Throughout his communal activities, Klein was involved in supporting Jewish education. Even in his business life, Klein, who was innovative and forward thinking, found ways to educate his Jewish consumers by including attractive and informative pamphlets about the upcoming Jewish holiday in his chocolate gift boxes. Klein was vice president of Torah Umesorah/the National Society for Hebrew Day Schools, and helped establish Yeshiva University High School for Girls. He became chairman of Chinuch Atzmai. Along with his generosity, his relentless efforts impacted tens of thousands of children in hundreds of Torah schools in Eretz Yisrael. Remarkably, due to Klein’s persistence, Chinuch Atzmai received support from various factions of American Orthodoxy.

And, of course, Klein provided significant financial support to help Rav Kotler, his revered rebbe, in the establishment of Beth Medrash Govoha in Lakewood, New Jersey. Shortly before his passing, Klein also aided the struggling Yeshiva R’tzahd in Brooklyn.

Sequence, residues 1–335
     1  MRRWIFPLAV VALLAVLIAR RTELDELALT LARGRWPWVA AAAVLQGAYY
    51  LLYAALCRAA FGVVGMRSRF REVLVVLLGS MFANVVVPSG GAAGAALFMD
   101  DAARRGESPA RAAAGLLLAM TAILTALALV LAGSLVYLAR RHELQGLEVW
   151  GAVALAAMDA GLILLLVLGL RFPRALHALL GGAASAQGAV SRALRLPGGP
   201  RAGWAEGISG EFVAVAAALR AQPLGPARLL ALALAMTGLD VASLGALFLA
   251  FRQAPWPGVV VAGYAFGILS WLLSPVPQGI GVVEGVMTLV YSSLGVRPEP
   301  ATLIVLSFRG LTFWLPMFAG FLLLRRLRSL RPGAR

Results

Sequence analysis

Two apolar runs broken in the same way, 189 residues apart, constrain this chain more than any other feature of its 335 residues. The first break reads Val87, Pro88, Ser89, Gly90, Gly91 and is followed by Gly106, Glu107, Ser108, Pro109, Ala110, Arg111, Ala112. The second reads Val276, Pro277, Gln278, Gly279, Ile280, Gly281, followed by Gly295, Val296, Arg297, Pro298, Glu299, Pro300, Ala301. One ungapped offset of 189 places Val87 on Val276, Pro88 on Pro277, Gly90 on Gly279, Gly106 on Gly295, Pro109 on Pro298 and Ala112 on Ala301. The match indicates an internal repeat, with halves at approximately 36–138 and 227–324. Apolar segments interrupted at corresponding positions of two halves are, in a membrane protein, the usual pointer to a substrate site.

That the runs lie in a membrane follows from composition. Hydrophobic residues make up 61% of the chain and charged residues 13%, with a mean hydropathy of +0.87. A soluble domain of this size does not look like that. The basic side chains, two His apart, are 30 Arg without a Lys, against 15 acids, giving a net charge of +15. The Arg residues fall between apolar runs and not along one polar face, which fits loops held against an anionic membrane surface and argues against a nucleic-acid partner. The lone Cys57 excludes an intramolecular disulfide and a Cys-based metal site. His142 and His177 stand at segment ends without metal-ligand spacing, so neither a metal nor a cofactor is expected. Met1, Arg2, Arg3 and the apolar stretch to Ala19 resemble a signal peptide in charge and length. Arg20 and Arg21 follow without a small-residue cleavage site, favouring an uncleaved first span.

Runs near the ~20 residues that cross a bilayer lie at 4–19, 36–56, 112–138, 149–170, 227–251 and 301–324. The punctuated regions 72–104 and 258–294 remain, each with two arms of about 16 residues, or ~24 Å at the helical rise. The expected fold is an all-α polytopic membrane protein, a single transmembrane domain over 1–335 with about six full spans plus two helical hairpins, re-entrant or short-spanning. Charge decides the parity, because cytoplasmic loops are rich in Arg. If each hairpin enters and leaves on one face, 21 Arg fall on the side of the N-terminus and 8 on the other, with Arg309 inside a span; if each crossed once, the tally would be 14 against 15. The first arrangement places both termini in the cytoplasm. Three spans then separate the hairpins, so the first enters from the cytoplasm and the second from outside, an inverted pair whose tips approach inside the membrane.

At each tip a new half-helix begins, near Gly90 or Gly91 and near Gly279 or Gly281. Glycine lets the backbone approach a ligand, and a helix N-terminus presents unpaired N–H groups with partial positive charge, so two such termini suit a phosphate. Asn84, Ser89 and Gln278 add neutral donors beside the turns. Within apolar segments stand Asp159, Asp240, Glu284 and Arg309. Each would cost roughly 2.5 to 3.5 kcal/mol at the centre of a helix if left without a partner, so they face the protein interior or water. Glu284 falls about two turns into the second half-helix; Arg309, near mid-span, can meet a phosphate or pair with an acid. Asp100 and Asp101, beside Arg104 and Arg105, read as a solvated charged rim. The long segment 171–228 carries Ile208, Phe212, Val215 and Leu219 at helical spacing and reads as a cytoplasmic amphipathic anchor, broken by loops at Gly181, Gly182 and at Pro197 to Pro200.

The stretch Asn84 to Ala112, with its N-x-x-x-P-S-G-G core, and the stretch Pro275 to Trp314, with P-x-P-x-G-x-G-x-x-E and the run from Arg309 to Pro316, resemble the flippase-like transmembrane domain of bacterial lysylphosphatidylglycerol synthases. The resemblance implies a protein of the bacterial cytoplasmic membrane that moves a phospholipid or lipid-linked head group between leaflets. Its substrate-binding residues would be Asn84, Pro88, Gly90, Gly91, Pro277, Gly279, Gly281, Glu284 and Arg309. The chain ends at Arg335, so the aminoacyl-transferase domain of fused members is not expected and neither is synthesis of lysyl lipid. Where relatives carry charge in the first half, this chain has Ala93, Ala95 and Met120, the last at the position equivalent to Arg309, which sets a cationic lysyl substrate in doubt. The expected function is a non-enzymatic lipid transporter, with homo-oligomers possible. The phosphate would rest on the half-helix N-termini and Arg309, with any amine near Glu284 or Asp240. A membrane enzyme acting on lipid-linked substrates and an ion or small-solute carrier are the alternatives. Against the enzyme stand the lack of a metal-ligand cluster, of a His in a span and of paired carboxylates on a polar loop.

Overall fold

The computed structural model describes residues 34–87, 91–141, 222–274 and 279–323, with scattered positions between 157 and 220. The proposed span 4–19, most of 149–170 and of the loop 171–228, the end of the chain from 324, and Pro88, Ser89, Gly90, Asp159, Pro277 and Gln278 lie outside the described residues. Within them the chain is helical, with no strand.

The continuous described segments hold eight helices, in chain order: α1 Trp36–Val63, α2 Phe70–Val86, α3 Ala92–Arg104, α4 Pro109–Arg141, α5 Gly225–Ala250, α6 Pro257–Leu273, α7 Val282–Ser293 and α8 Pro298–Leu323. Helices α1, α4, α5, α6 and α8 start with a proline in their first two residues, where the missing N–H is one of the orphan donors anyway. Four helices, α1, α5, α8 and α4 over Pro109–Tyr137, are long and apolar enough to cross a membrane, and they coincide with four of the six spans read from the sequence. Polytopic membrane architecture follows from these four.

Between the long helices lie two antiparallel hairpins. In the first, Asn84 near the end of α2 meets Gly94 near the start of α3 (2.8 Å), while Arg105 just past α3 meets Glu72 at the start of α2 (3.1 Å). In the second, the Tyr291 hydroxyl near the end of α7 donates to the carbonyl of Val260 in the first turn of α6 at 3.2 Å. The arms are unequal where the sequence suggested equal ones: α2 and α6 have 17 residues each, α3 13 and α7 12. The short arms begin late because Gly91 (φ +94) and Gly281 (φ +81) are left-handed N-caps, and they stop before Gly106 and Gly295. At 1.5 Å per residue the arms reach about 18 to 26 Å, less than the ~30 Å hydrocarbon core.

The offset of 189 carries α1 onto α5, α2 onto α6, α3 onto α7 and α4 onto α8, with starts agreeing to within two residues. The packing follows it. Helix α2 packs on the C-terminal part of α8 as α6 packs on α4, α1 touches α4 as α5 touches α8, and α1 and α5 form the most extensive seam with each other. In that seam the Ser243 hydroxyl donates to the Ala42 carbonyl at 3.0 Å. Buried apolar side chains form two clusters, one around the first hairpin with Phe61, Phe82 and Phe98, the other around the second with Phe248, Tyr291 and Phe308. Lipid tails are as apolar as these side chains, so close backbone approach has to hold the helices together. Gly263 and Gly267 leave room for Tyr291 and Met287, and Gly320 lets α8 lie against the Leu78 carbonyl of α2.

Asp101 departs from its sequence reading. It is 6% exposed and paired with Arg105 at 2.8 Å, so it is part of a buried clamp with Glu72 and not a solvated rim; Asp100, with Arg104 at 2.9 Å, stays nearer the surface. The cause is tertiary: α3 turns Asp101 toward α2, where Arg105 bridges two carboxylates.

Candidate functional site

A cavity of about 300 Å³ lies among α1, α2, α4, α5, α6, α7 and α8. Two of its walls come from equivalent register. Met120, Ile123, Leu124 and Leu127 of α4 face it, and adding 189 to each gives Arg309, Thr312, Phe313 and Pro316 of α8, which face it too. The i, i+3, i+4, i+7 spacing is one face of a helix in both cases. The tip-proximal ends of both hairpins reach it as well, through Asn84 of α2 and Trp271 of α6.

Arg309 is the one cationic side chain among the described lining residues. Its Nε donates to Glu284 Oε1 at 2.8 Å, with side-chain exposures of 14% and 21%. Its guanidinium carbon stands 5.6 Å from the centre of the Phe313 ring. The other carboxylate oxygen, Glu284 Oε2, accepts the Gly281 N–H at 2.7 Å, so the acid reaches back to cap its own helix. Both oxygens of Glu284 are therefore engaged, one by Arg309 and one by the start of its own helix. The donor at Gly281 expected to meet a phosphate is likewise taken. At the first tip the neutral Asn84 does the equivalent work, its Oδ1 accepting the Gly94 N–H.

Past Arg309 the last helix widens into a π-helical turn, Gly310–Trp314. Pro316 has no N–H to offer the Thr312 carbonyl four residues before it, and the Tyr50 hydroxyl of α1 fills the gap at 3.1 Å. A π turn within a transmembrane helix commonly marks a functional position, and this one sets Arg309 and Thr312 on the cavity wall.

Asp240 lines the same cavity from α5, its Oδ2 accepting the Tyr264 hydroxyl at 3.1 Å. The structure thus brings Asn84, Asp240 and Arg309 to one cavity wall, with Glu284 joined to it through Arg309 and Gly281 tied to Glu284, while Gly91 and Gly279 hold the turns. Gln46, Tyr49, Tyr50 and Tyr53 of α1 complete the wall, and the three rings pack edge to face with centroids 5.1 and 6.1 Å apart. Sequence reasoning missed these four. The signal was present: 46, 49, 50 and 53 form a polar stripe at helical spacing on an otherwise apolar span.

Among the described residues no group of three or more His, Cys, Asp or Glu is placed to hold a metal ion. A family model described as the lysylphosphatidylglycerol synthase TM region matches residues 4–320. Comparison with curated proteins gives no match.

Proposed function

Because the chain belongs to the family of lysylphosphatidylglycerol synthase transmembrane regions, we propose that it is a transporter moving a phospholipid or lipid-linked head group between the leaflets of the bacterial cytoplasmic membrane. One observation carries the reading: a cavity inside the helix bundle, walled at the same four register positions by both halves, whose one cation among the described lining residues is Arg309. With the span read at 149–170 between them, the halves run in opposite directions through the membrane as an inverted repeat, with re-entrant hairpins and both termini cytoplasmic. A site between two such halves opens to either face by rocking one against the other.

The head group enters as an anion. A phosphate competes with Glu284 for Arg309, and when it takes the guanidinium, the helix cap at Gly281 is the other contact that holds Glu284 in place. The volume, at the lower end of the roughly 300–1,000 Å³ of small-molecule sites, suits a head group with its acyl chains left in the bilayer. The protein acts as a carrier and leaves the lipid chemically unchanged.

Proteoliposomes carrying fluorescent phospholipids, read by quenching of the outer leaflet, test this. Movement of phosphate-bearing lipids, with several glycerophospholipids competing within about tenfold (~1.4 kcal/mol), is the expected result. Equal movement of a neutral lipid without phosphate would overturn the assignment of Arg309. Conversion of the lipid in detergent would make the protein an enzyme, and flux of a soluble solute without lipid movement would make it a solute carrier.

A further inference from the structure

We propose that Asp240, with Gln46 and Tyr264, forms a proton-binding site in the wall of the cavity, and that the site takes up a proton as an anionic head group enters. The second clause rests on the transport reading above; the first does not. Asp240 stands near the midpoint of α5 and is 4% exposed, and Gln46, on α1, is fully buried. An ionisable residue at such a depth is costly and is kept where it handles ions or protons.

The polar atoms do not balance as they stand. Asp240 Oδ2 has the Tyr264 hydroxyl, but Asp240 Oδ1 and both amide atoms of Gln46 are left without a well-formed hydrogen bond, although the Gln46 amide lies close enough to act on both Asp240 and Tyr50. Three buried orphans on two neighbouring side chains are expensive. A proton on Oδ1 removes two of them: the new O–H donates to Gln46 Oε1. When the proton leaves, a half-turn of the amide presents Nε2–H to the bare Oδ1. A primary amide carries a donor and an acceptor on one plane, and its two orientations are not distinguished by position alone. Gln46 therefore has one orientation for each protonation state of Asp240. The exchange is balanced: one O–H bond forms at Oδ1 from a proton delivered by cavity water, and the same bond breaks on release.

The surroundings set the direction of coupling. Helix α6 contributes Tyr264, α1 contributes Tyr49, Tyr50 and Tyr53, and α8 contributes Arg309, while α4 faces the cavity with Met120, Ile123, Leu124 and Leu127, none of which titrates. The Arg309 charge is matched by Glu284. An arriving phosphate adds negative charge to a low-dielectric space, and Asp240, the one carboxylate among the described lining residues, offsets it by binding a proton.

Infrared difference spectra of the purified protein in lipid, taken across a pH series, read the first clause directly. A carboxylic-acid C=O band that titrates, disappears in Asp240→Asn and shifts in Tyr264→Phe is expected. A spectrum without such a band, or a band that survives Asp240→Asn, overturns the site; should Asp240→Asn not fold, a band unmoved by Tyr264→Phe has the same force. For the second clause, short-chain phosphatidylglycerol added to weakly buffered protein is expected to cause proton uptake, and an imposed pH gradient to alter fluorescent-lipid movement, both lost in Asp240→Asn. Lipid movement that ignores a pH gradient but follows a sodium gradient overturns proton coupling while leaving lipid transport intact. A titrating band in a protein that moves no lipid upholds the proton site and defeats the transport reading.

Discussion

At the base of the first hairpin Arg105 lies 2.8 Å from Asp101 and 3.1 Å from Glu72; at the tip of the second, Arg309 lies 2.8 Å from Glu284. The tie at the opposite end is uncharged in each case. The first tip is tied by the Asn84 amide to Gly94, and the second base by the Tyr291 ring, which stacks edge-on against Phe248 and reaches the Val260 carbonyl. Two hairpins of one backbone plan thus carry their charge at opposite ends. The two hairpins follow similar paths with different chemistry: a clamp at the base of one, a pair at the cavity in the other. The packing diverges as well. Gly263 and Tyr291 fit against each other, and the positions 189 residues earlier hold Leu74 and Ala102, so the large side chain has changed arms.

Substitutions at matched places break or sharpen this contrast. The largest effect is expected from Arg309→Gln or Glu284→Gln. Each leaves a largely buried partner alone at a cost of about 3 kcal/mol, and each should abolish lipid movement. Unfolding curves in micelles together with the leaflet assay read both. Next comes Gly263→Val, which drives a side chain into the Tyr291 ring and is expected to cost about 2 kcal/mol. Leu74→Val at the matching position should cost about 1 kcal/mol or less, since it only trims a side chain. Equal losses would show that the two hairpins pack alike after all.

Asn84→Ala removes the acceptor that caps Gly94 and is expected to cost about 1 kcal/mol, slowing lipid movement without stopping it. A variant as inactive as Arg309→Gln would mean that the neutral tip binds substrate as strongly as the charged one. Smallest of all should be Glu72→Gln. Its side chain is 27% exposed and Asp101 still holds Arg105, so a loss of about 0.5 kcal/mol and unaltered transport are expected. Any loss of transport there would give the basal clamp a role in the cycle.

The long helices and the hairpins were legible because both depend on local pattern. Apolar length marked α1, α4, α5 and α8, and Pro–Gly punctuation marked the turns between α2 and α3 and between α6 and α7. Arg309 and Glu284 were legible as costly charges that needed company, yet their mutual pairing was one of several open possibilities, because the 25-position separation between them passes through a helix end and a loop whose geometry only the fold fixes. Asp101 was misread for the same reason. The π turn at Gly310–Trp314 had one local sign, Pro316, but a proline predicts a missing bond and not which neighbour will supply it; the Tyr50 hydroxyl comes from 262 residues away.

At an event honoring Stephen Klein and his lifetime of extraordinary accomplishments, Rabbi Mordechai Gifter, rosh yeshivah of Telshe Yeshiva in Cleveland, Ohio, stated:4

“We have become accustomed to thinking of a gadol only in terms of the great Torah scholar. Chazal define the gadol hador as being . . . anshei ma’asim v’tzaddikim—men of righteous deeds whose lives are representative of never-ceasing action in carrying forth the dictates of the gedolei haTorah of all times. In this sense of gadol hador . . . [Stephen Klein has] justly earned the title ‘gadol ish hama’aseh’ in the highest sense of the word.”

Notes

1. Quoted in Rabbi A. Leib Scheinbaum, The World That Was: America 1900-1945 (Living Memorial; Klein Family ed., Brooklyn, NY, 2004), 417.

2. Morris Freedman, “From the American Scene: Orthodox Sweets for Heterodox New York,” May 1952.

3. Ibid., p. 416.

4. Ibid., p. 433.

Rochel Licht is a Holocaust educator in the New York metropolitan area.

 

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This article was featured in the Winter 2021 issue of Jewish Action.